Hon. Members, since we have to go to the Supplementary Estimates at 3.30 p.m.--- April 20, 2006 PARLIAMENTARY DEBATES 609
On a point of order, Mr. Deputy Speaker, Sir.
Hon. Bahari, I am speaking! Can you just hold your peace! I will give you time to speak. We have to defer the last two Questions to Tuesday, next week. We have two minutes before we move to the next Order!
On a point of order, Mr. Deputy Speaker, Sir. On 6th April, I asked for a Ministerial Statement from the Minister of State for Special Programmes regarding the devastating flash floods in parts of my constituency.
You raised that issue with me earlier. Where is the Minister of State for Special Programmes? He is not in! That Statement should be brought to the House on Tuesday, next week. I hope someone is taking brief for the Minister. Hon. Obwocha, could you do that, please? The Ministerial Statement which has been sought by Mr. Bahari should be brought to the House on Tuesday next week.
Hon. Members, something unusual has happened here. I am holding two Bills; the Tobacco Control Bill No.2, which was published on 24th March by hon. Sungu and another one which was published on 21st March by the Attorney-General. I suppose that we 610 PARLIAMENTARY DEBATES April 20, 2006 proceed and I order that the Bill which has just been read for the First Time be submitted to the Committee as requested. I also want to draw the attention of the House to the fact that there is another Bill, which was published by the Attorney-General two days after hon. Sungu published his Bill. The Committee will have to look into the issue. The Chair is also going to study this and see how best we can resolve the matter.
Mr. Deputy Speaker, Sir, I beg to move:- (i) THAT, a sum not exceeding Kshs12,536,446,290 be granted from the Consolidated Fund to meet expenditure during the year ending 30th June, 2006, in respect of Supplementary Estimates of 2005/2006 Financial Year (Recurrent) having regard to the proposed reduction of Kshs4,983,986,530 therein appearing. (ii) THAT, a sum not exceeding Kshs8,245,146,348 be granted from the Consolidated Fund to meet expenditure during the year ending 30th June, 2006, in respect of Supplementary Estimates of 2005/2006 Financial Year (Development) having regard to the proposed reduction of Kshs15,784,941,614 therein appearing.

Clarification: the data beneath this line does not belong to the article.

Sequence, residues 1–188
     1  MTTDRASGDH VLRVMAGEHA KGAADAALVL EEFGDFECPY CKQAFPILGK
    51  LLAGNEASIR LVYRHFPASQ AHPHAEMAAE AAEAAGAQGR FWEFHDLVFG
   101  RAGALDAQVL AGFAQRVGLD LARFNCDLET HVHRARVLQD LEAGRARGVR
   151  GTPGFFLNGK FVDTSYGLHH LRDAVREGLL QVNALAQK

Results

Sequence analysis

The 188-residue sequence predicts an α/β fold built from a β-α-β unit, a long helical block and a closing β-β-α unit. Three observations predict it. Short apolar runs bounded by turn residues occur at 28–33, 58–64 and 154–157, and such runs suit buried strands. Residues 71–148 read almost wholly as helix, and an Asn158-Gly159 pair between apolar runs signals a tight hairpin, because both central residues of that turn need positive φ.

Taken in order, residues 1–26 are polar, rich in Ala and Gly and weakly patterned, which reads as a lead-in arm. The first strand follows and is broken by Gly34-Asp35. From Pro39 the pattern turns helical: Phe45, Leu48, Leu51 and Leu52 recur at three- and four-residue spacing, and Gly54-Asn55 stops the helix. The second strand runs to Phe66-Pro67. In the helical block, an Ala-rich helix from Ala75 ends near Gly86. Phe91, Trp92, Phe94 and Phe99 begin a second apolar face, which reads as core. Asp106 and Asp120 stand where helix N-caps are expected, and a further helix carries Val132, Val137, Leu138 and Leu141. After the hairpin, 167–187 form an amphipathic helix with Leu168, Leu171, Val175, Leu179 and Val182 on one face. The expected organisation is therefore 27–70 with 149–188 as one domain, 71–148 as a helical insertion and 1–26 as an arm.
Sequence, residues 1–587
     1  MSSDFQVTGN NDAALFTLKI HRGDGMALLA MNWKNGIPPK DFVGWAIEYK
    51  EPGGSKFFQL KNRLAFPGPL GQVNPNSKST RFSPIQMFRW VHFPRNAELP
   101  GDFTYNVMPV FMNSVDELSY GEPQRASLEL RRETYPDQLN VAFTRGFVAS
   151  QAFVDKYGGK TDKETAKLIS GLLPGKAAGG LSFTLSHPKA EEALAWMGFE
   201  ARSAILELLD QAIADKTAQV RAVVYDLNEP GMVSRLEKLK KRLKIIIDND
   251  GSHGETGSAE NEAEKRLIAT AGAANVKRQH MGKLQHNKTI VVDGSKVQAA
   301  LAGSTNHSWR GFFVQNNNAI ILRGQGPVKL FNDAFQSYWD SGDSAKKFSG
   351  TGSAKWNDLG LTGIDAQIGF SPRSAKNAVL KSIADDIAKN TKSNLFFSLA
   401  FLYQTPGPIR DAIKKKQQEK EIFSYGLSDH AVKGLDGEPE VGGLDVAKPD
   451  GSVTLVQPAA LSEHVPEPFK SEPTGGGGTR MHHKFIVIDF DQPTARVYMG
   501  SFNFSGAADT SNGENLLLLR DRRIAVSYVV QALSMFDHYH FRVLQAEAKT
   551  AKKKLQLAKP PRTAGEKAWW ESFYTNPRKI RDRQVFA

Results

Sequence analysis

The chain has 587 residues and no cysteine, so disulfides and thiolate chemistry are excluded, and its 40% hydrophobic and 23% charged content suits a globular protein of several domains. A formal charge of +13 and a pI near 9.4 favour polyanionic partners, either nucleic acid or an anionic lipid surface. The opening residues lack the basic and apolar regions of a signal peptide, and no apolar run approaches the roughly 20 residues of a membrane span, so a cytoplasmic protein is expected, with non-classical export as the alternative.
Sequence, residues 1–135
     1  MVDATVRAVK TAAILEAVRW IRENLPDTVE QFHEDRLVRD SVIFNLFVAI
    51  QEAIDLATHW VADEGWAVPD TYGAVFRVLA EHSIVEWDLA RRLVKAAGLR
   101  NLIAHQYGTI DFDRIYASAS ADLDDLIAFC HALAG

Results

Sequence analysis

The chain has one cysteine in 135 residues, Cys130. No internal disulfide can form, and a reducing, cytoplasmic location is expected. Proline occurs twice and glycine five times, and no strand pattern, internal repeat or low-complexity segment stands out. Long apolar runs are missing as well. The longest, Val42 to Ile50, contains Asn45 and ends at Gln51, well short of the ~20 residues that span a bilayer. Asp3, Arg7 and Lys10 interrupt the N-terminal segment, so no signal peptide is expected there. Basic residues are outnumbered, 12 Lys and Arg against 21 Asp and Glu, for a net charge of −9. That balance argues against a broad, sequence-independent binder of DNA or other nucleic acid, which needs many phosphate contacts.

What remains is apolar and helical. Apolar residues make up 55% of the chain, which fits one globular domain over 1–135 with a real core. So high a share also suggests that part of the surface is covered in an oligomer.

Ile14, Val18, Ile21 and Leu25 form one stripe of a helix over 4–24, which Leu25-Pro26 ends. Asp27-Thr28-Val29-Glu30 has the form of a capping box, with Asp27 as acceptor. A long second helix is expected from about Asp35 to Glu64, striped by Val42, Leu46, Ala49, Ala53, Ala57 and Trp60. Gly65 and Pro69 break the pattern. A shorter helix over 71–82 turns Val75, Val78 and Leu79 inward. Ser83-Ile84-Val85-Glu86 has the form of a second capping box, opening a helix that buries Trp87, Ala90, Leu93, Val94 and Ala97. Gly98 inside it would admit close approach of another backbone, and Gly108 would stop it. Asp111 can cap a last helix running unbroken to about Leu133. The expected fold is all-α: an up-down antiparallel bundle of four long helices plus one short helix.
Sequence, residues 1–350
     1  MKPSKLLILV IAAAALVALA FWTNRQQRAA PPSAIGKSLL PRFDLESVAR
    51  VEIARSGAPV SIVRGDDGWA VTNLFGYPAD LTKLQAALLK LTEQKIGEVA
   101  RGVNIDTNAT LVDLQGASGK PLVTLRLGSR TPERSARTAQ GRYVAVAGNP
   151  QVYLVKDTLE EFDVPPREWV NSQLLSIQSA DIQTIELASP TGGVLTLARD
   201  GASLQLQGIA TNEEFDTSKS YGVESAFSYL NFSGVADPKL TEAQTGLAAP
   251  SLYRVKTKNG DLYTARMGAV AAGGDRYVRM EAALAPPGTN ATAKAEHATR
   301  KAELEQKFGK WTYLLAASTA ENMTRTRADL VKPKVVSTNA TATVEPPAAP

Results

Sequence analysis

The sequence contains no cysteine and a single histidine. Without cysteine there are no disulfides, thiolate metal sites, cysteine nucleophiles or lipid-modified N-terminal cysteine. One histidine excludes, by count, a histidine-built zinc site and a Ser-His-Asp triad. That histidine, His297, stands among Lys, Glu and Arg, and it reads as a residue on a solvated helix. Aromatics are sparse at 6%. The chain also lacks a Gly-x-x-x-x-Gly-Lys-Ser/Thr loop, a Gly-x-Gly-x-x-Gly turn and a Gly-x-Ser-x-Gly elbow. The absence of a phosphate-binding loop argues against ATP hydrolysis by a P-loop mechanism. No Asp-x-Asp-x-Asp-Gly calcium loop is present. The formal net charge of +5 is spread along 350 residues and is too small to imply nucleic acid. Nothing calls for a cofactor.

Mr. Deputy Speaker, Sir, our national Budget was, as usual, prepared based on sound considerations and assumptions. There are, however, two developments, among other factors, which have adversely affected the performance and the implementation of the Budget. These factors are the prolonged drought and the under-performance of the domestic revenues.
On a point or order, Mr. Deputy Speaker, Sir. The Minister has not told us whether the President has consented to this Motion.
When he was giving notice of the Motion, he said so. Proceed, Mr. Minister!